National Catholic Review: Authors take the environmental movement to task

New books move away from climate change fixation, toward a spirituality of the land.

As We Have Always Done (Leanne Betasamosake Simpson)Given the trajectory of recent human history, it would seem wise to seek alternate voices, not only to help us understand how we got to the present moment, but also to inspire us in how to move forward.

One obvious choice is Leanne Betasamosake Simpson's blistering new manifesto, As We Have Always Done: Indigenous Freedom through Radical Resistance. An academic, activist and member of the Michi Saagiig Nishnaabeg tribe on the north shore of Lake Ontario, Canada, Simpson places the environmental crisis within a broader context of what she calls "settler colonialism": violence toward indigenous peoples and dispossession of indigenous land.

Simpson writes of her ancestral lands, the impact of European settlement and ecocide, mandatory residential schools for Indian children, gender violence and four centuries of removal. "Our most sacred places have been made into provincial parks for tourists," she says.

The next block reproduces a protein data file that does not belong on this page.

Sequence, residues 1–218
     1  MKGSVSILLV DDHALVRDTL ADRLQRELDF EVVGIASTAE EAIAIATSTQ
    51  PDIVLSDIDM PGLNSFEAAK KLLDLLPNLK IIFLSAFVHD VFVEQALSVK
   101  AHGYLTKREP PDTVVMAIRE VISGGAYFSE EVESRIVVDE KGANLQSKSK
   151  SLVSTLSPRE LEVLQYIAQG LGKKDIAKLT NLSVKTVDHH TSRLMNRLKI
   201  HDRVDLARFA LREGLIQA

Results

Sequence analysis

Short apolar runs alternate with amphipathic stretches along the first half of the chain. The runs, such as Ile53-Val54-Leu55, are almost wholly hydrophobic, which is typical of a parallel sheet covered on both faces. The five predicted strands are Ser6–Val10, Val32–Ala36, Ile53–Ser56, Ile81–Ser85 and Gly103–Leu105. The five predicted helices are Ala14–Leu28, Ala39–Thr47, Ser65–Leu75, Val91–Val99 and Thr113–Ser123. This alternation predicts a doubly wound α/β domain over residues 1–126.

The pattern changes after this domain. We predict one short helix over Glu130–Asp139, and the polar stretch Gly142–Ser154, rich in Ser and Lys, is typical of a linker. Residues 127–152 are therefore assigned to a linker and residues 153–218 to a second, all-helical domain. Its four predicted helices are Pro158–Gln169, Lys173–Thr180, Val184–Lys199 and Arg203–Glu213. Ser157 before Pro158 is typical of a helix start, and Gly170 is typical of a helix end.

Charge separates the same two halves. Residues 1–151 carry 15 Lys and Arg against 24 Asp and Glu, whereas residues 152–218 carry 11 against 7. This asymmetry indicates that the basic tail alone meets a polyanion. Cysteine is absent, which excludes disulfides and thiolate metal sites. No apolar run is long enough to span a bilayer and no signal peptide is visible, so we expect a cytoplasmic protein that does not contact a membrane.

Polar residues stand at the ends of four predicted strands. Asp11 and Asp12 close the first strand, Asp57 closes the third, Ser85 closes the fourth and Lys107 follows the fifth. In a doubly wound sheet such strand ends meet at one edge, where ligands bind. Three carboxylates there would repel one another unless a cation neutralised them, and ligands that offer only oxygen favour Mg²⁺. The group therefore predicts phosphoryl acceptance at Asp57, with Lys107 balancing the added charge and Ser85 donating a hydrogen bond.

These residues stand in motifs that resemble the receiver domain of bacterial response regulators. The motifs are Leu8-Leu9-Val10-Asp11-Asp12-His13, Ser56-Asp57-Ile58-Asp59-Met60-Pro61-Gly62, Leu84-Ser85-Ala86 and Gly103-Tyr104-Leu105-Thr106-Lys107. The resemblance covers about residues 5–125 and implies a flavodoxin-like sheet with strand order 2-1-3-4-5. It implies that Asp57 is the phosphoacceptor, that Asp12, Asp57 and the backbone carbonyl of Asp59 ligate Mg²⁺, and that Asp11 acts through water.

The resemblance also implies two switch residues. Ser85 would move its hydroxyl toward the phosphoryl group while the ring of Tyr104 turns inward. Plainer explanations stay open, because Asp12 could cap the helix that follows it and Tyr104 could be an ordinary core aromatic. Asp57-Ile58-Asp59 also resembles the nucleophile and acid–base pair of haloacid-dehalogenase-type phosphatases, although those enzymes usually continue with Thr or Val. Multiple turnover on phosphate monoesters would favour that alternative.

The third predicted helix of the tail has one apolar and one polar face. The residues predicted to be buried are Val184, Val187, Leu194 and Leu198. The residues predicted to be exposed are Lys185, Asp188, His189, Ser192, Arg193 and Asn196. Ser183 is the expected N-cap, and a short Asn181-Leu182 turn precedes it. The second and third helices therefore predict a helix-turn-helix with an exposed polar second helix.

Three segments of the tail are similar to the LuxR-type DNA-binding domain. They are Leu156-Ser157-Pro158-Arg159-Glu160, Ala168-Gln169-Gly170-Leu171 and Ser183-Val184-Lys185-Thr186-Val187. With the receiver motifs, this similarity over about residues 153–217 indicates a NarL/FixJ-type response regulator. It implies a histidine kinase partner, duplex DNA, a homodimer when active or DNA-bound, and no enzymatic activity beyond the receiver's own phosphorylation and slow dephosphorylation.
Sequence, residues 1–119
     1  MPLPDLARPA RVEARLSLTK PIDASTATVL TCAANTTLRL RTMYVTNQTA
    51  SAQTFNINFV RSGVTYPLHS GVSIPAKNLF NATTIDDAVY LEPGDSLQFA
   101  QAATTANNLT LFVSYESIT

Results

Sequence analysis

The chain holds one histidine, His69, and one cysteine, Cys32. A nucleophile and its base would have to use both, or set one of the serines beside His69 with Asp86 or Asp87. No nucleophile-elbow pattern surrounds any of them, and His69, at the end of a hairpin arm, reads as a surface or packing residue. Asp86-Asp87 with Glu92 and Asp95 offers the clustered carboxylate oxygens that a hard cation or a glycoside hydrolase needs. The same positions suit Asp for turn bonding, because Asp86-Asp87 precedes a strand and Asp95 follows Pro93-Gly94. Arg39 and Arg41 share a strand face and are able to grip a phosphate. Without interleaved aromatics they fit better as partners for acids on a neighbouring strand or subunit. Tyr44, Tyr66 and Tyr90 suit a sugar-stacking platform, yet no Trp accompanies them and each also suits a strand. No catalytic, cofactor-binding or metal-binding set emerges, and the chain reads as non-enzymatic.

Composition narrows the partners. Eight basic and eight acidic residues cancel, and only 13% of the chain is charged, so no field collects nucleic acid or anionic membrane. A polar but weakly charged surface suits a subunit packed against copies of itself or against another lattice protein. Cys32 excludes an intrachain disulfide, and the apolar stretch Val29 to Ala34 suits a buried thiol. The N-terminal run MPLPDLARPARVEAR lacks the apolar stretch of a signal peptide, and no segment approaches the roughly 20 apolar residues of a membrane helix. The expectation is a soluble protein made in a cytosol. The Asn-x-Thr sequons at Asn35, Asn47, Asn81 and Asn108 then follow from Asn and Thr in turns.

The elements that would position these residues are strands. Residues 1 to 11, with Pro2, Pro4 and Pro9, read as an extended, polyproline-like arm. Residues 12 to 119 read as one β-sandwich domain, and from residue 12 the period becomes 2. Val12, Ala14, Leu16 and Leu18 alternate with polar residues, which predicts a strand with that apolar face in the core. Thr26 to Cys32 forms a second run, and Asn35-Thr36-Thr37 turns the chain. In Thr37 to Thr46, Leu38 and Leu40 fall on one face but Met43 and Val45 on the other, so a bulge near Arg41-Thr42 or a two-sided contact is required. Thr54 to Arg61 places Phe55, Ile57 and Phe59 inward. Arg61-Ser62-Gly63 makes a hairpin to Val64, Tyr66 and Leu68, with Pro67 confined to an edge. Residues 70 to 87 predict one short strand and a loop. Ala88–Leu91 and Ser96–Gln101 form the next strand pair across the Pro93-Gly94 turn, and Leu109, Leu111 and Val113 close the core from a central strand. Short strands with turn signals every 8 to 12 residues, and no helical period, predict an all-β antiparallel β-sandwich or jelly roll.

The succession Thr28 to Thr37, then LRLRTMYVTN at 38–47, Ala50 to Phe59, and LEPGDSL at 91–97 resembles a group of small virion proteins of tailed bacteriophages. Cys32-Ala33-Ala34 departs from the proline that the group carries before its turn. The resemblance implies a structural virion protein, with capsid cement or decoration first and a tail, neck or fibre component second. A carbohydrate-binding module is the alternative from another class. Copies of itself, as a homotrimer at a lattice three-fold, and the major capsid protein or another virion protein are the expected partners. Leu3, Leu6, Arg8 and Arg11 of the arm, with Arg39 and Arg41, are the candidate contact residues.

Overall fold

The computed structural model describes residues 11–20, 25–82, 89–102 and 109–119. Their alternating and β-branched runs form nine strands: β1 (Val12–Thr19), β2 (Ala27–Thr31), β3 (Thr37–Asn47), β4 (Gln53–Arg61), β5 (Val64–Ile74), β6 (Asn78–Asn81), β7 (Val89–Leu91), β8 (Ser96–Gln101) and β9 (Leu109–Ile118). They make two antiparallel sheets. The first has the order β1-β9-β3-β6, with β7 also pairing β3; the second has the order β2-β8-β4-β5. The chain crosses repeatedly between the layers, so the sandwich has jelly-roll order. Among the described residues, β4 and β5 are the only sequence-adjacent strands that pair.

In contrast to the devastation wrought by industrial capitalism, Simpson's proposed alternative takes the form of her culture. Her Nishnaabeg community systems, she notes, are "designed to generate life — not just human life, but the life of all living things."

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Published in: National Catholic Review
By: Eric Anglada